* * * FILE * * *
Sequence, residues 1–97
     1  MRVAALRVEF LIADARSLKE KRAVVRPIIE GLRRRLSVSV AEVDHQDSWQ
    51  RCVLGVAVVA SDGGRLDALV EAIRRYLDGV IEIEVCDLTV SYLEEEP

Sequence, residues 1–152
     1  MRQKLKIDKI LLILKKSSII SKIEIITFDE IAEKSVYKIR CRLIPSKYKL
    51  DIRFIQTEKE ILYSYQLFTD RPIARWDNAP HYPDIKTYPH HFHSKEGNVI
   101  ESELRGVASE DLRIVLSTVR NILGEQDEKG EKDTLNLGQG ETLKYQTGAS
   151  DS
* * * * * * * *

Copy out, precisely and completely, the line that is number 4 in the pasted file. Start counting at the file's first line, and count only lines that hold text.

Sequence, residues 1–152